Sub-Boreal Spruce Zone

General description

The SBS zone is the third largest forested zone in BC and occupies 10.9% of the province. It is mostly found on the rolling landscape in the central interior portion of BC.

The zone covers a wide latitudinal and longitudinal range and has many bordering zones. It borders the colder BWBS in the north and east; the wetter and milder CWH to the west; the slightly cooler and drier SBPS in the southwest; the drier and warmer IDF to the southeast; and the ICH in wetter areas to the north and east. It is a montane zone mostly occurring between 600 and 1300m. In mountainous areas the zone grades into the supalpine ESSF zone.

The diversity of bordering zones is mirrored in the high number of subzones and their climatic variation. Across the zone temperatures range from 12.2°C in southeast (SBSmc3, near the colder SBPS zone) to 16.1° in the southern central portion (SBSmh, near the warmer ICH and IDF zones). Mean annual precipitation nearly doubles from 500mm on low lying areas of interior plateau to 950mm on the mountainous terrain in the central western portion of the zone (SBSvk).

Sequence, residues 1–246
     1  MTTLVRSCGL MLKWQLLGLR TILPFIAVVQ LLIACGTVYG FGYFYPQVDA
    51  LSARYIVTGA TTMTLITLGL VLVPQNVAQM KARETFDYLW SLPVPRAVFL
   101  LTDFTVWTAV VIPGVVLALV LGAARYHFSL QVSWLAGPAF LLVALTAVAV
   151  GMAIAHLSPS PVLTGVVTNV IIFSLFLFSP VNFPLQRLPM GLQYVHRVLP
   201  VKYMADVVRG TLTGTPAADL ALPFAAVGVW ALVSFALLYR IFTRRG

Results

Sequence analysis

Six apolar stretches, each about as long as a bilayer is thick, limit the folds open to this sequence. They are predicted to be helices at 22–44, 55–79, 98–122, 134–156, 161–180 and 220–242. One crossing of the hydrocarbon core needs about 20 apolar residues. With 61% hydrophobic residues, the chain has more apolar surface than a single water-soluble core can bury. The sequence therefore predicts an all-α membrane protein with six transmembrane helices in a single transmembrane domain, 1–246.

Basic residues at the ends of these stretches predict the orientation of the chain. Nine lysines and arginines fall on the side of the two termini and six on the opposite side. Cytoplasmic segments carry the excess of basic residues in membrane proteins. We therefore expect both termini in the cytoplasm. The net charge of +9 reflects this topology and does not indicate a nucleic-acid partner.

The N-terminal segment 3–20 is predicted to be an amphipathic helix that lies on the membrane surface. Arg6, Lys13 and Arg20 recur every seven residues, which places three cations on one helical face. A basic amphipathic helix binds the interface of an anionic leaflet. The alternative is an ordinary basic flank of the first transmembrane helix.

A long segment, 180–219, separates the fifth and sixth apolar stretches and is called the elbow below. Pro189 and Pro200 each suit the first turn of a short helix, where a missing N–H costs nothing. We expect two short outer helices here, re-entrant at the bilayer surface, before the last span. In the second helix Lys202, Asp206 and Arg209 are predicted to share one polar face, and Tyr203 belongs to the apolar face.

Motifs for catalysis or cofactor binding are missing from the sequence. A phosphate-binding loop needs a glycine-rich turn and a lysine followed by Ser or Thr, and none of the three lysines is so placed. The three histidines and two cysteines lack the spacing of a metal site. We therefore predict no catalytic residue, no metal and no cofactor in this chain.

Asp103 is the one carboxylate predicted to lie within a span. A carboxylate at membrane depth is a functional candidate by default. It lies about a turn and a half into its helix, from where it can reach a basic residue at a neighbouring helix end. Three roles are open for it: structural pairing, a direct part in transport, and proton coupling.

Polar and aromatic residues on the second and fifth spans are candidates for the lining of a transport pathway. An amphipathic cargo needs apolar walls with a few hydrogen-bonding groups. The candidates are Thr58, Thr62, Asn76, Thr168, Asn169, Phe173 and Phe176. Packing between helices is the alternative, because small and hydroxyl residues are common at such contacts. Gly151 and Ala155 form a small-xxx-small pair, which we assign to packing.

Overall, the climate in the zone is mild continental and less extreme than in the adjoining BWBS zone to the north. The SBS is slightly warmer in winter, cooler in summer, has a slightly longer growing season (2-5 months), and is slightly wetter.

View detailed subzone maps and climate data for the SBS zone.

Forest description

Most of the zone is covered with upland coniferous forests. Hybrid white spruce and subalpine fir are the major species in old-growth stands. Younger forests are dominated by lodgepole pine, trembling aspen and paper birch. Black spruce and balsam popular are restricted to wetter and alluvial sites, respectively. Douglas-fir is abundant on warm, dry and rich sites in the southern central subzones. Sitka alder grows under spruce-fir forests and mountain alder along stream sides and in bogs. Wetlands, dominated by communities of scrub (willows and scrub birch), sedges and Sphagnum moss, occur on flats and water-receiving sites.

To see how species composition in the SBS zone varies with climate, view species by subzone pie charts.

Conservation status
Protected areas

The SBS zone has more than 130 protected areas (45% are larger than 250ha) but only 6% of the total land area is protected, making it the fourth least protected zone in BC ( after the IDF, PP, and CDF zones). Coverage is skewed, ranging from 14% in the SBSmc2 to < 1% in the SBSmw. The high coverage in the mc2 and mc3 is mainly in the two large protected areas: Tweedsmuir and Entiako.   Most of the subzone units have less than 5% coverage and a substantial portion of forests younger than 120 years. The SBSdw, mw, and mh have few large protected areas and are the least protected units with < 2% of the land protected; coverage is also low in the adjacent IDFdk3, dk4, and ICHmk3 subzones.

Species representation in protected areas